Catering Truck Insurance
A catering truck may be a small business van or cargo van, or a larger boxed and refrigerated truck. Depending upon your company’s needs and business structure, you may own several different types of catering trucks. Buying or leasing any sized catering truck for your company is expensive. If you had to repair damage to one of your trucks from a wind or hail storm, would it cause your company deep financial stress? If your truck is involved in an auto accident, could you afford to pay all of the associated bills and expenses that arise?
Your catering truck in an investment in your company and your commercial auto insurance is an investment in your truck. Business insurance can protect you from losses to the truck itself and from financial losses when the truck causes an accident. Here are the types of commercial auto insurance you’ll need for your catering truck.
- Liability Insurance – Liability insurance protects your company from having to pay other people’s bills when your catering truck causes or is at fault for an auto accident. Liability insurance is required coverage in most parts of the United States, and generally pays for two important areas:
- Bodily Injury – When a person is injured in an auto accident, bodily injury protection pays for the bills that are caused due to those injuries. A person who suffers from a broken leg due to an auto accident for example, will likely require immediate hospital care. If your catering truck caused the accident, the bodily injury portion of your liability insurance will pay for that hospital care. It will also pay related physician’s follow-up fees, prescription medication costs, rehabilitation, losses in wages from time off work, pain and suffering and funeral expenses.
- Property Damage– When property is damaged in an auto accident, the property damage portion of your liability insurance will pay to have that property replaced or repaired. If your catering truck strikes a parked vehicle for example, and crumples the side door, the property damage portion of your insurance policy will pay to have that door replaced or repaired.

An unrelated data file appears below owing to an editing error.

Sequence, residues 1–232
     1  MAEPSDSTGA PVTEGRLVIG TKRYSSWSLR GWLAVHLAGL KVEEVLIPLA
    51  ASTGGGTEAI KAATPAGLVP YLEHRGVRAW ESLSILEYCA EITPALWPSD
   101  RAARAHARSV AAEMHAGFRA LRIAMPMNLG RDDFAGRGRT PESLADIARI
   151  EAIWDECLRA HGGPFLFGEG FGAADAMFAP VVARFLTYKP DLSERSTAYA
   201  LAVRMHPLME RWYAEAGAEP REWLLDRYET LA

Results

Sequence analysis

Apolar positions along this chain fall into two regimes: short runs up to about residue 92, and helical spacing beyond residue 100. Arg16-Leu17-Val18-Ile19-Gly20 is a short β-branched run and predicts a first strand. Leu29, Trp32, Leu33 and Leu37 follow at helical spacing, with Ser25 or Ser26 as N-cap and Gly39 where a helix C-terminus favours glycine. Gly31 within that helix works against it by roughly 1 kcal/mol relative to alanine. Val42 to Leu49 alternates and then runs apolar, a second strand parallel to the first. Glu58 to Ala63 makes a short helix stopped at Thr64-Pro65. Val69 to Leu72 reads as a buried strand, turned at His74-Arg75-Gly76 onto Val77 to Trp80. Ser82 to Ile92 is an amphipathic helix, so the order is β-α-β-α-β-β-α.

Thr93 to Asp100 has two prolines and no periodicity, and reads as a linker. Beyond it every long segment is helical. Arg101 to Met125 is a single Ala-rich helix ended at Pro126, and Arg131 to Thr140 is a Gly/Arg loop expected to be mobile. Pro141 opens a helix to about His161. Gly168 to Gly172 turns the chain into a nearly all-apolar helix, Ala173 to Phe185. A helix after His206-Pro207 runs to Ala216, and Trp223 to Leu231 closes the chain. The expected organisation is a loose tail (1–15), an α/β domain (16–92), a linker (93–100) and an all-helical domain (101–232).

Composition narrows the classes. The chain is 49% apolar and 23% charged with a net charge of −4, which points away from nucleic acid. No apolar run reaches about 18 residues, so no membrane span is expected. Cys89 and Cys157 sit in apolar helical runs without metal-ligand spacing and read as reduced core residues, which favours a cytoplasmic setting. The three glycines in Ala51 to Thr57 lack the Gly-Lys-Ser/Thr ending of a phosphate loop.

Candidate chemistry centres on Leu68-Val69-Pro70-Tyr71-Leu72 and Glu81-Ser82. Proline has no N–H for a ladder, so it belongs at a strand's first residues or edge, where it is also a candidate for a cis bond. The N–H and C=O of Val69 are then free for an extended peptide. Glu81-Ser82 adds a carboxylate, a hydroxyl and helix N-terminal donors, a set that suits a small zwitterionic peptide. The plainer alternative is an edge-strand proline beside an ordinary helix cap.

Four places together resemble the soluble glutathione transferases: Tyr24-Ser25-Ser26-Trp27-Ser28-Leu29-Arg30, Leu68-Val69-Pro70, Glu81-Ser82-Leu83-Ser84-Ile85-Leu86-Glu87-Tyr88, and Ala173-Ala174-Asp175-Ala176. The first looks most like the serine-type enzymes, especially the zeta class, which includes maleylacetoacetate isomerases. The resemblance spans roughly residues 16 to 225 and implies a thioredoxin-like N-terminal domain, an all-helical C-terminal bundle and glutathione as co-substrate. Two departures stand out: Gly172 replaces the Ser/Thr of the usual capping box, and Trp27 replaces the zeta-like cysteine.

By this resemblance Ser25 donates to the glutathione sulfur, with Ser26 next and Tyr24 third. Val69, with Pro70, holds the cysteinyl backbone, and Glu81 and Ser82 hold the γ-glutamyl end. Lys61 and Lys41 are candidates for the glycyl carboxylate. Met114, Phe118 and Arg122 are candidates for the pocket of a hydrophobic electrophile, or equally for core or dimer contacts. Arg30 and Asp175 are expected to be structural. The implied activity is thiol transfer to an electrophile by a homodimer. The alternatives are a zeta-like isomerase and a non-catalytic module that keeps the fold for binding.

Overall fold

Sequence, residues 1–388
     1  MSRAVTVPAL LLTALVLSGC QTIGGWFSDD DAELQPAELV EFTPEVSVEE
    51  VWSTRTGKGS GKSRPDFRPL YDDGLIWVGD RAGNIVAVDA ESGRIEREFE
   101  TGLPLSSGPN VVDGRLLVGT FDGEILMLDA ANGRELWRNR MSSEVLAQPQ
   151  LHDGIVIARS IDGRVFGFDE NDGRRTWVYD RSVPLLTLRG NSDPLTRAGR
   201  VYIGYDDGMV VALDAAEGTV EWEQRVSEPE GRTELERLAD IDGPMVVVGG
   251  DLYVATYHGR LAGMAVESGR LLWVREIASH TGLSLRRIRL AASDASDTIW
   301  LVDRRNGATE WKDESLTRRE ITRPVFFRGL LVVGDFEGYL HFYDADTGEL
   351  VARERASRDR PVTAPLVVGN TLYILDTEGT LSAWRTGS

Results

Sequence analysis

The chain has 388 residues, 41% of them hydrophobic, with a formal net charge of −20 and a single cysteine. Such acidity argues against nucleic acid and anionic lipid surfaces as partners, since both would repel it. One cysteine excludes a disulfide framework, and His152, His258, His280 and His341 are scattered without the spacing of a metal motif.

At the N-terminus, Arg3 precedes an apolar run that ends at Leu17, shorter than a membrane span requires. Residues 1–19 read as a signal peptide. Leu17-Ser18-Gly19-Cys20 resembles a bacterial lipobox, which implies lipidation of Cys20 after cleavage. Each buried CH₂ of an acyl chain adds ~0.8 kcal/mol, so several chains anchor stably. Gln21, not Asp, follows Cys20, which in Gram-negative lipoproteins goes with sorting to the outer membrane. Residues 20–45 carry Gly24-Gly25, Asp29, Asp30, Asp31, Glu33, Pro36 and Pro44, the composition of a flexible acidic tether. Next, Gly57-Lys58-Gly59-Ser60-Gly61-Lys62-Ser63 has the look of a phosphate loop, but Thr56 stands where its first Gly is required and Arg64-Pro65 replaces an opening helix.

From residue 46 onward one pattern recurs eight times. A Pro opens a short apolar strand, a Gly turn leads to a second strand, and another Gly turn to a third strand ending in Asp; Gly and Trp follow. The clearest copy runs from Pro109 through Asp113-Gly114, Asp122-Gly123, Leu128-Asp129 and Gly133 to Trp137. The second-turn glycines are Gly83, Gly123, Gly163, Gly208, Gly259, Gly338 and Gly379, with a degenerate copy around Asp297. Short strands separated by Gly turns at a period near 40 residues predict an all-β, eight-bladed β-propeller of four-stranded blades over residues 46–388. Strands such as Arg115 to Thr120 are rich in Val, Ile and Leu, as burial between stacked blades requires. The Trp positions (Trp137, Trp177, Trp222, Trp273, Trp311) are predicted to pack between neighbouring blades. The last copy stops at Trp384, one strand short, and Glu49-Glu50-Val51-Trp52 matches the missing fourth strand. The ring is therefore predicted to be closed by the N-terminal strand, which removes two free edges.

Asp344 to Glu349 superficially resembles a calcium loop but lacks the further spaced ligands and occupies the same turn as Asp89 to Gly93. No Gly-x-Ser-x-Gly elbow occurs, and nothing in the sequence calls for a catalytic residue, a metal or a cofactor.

When you set up liability insurance for your catering truck you will need to select a coverage amount and type as well as an insurance deductible. The deductible is the amount that you will pay out of pocket when there is an auto accident with your truck. If the accident expenses do not exceed your deductible then the insurance company will not have to cover any costs. Select a deductible amount that you can easily afford at any given time. If your deductible is too high then you may have difficulty paying it when an accident arises. If it is too low it can cause your insurance premiums to be too high.
The amount and type of liability policy you choose determines how much your insurance company will pay for each accident that arises. A single claim policy of $150,000 will pay a maximum of $150,000 for the total combined damages – property and bodily – created in a given accident. A split claim policy sets maximum payouts for individual use and total accident. For example, if you select a split claim policy of $30,000/$125,000/$50,000 then your policy will pay a maximum of $30,000 for any individual person’s bodily injuries in one accident. It will limit the payout for all bodily injuries combined to $125,000 per accident. The last number defines the maximum amount the policy will pay for property damages, in this case $50,000.
Medical Payments – Medical payments coverage protects the driver of your catering truck and any passengers who were riding with him at the time of the accident. If the driver or any passengers require medical care after an auto accident, this insurance will pay those medical costs. This coverage is a no-fault insurance, which means it pays benefits regardless of who was at fault for the auto accident. It isn’t available in all areas however. Call one of our licensed representatives to determine whether this insurance option is available for you.